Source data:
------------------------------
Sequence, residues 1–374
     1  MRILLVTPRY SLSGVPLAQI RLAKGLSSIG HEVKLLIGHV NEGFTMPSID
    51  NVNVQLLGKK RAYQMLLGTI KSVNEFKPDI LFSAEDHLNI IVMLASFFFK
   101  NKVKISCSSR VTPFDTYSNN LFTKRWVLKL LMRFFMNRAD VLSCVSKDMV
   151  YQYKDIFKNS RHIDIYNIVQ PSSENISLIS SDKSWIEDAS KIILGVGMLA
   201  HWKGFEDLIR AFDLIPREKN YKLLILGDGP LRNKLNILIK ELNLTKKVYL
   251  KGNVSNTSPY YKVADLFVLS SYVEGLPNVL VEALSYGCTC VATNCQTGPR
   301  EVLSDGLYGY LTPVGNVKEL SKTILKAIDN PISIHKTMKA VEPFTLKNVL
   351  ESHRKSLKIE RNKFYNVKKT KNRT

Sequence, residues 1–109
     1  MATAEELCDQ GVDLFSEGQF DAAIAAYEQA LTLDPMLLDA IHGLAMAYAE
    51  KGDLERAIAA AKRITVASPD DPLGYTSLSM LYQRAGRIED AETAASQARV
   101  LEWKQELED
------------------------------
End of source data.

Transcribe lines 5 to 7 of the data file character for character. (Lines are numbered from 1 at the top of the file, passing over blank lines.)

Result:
   151  YQYKDIFKNS RHIDIYNIVQ PSSENISLIS SDKSWIEDAS KIILGVGMLA
   201  HWKGFEDLIR AFDLIPREKN YKLLILGDGP LRNKLNILIK ELNLTKKVYL
   251  KGNVSNTSPY YKVADLFVLS SYVEGLPNVL VEALSYGCTC VATNCQTGPR